Split (Photo: Universal)

The 2017 Academy Award nominations were announced on Tuesday, and as usual, the lucky recipients reaped further reward at the box office. (This is why studios pour millions into “for your consideration” campaigns every year—not for the clout, but for what the clout buys.) Eight of the nine Best Picture nominees (all but Hell Or High Water) are still in theaters, and of that group, all but Hidden Figures, which is still doing strong business in wide release, saw a boost in patronage. The luckiest beneficiary of this post-nomination bump was Hacksaw Ridge, perhaps the most surprising addition to the Best Picture lineup; its more than 400-percent increase in ticket sales from last week to this one officially completes Mel Gibson’s showbiz redemption arc. Because what we really need right now is forgiveness for wealthy, bellowing bigots.

The Oscar love also helped La La Land and Hidden Figures cross the $100 million mark; only about $2 million separates the two films, which are fighting not just for the title of highest-grossing Best Picture nominee but also for the award itself. Picking up the Best Ensemble prize at last night’s Screen Actors Awards has positioned Hidden Figures as the likeliest spoiler, though Producer’s Guild victor La La Land is still safely the frontrunner. (One-time contender Moonlight is looking increasingly like this year’s Boyhood—the overwhelming critical favorite that will walk away with a supporting acting trophy and nothing else.)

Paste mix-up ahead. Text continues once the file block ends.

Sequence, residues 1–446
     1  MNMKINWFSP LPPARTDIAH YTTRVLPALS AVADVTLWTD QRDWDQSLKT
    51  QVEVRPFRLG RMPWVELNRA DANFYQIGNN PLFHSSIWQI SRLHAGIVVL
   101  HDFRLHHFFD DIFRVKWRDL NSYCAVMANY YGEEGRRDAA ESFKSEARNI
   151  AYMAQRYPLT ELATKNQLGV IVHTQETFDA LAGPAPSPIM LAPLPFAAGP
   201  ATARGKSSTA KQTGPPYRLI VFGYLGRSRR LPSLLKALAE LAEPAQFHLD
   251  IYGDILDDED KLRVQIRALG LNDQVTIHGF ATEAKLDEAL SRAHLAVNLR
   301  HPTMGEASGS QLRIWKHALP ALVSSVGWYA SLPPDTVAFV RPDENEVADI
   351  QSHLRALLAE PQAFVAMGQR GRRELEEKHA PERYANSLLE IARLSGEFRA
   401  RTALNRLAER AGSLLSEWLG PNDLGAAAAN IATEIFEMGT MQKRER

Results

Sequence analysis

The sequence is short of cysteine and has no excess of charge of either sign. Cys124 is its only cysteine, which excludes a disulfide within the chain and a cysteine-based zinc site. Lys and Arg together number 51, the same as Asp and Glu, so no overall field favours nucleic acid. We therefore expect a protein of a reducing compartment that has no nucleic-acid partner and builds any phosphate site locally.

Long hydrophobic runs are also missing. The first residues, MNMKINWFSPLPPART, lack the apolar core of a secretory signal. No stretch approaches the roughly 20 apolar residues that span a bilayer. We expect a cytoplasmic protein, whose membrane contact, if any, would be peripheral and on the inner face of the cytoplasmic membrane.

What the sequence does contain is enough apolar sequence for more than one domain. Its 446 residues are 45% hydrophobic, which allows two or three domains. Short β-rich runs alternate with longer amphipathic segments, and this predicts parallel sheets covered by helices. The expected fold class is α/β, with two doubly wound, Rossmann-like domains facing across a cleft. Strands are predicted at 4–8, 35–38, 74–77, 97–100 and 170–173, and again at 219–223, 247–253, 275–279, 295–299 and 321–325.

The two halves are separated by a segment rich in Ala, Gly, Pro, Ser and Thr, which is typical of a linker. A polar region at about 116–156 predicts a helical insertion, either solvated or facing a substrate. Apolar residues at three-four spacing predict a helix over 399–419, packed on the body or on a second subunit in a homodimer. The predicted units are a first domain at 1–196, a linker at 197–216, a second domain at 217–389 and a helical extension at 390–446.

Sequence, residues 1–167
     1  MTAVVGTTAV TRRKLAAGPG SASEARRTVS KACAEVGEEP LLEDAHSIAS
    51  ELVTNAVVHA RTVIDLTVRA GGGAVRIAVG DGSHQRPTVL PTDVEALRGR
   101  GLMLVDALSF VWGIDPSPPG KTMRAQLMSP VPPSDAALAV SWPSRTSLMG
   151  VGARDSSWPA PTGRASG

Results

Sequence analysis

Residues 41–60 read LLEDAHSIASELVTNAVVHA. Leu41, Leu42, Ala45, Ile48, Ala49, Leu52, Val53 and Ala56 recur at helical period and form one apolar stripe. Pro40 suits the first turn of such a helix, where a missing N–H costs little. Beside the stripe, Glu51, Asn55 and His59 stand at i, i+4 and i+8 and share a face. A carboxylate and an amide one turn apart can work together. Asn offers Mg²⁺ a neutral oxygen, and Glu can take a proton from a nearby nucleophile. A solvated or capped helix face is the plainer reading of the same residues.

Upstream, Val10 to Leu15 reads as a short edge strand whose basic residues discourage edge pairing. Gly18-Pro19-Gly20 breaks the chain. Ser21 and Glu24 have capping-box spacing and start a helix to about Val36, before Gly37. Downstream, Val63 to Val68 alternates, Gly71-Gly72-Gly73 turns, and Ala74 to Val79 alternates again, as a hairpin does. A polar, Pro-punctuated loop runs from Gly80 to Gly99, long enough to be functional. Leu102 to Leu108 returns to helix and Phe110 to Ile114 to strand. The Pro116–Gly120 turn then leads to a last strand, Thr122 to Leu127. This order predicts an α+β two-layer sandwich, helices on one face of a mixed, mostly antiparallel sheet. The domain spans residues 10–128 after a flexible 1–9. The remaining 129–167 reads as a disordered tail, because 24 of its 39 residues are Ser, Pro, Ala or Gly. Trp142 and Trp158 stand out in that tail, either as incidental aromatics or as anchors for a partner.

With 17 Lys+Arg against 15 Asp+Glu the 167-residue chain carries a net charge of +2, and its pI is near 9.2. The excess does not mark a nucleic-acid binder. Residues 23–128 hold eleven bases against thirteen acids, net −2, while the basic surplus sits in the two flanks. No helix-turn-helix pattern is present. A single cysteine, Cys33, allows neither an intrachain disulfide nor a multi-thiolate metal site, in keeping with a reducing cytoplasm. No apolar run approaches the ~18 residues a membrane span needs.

While your parents and ours trekked out to see a bunch of movies they didn’t know existed before Tuesday, the rest of America continued to facilitate a different Hollywood comeback story: that of blockbuster maestro M. Night Shyamalan, whose entertainingly ludicrous (and ludicrously entertaining) Split topped the box-office for a second weekend in a row, besting expectations again with another $26.2 million. At $77 million, it’s just a little shy of becoming Shyamalan’s fifth film to cross the nine-digit mark. Split’s staying power almost certainly ate into the profits of the demographically similar Resident Evil: The Final Chapter, whose $13.85 million opening—the lowest of the series, a few million behind even the original’s bow back in 2002—all but assures that its title will actually remain honest, at least until the inevitable reboot.

Resident Evil landed at No. 4 on the charts, right behind Hidden Figures, which made $14 million in its sixth week of release. Meanwhile, the runner-up position went to A Dog’s Purpose ($18.3 million), proving that people’s desire to watch cute dogs be cute outweighs their outrage about what real dogs went through to make that entertainment option a reality. If controversy didn’t hurt this canine-themed tearjerker, it may actually have helped another film much lower on the charts: On the weekend of a horrific ban that might have kept its creator from attending the ceremony—were he not boycotting it now anyway—Asghar Farhadi’s Oscar-nominated The Salesman made $71,000 on just three screens, for the week’s highest per-screen average. That’s a boost we can believe in.


For more detailed numbers, visit Box Office Mojo.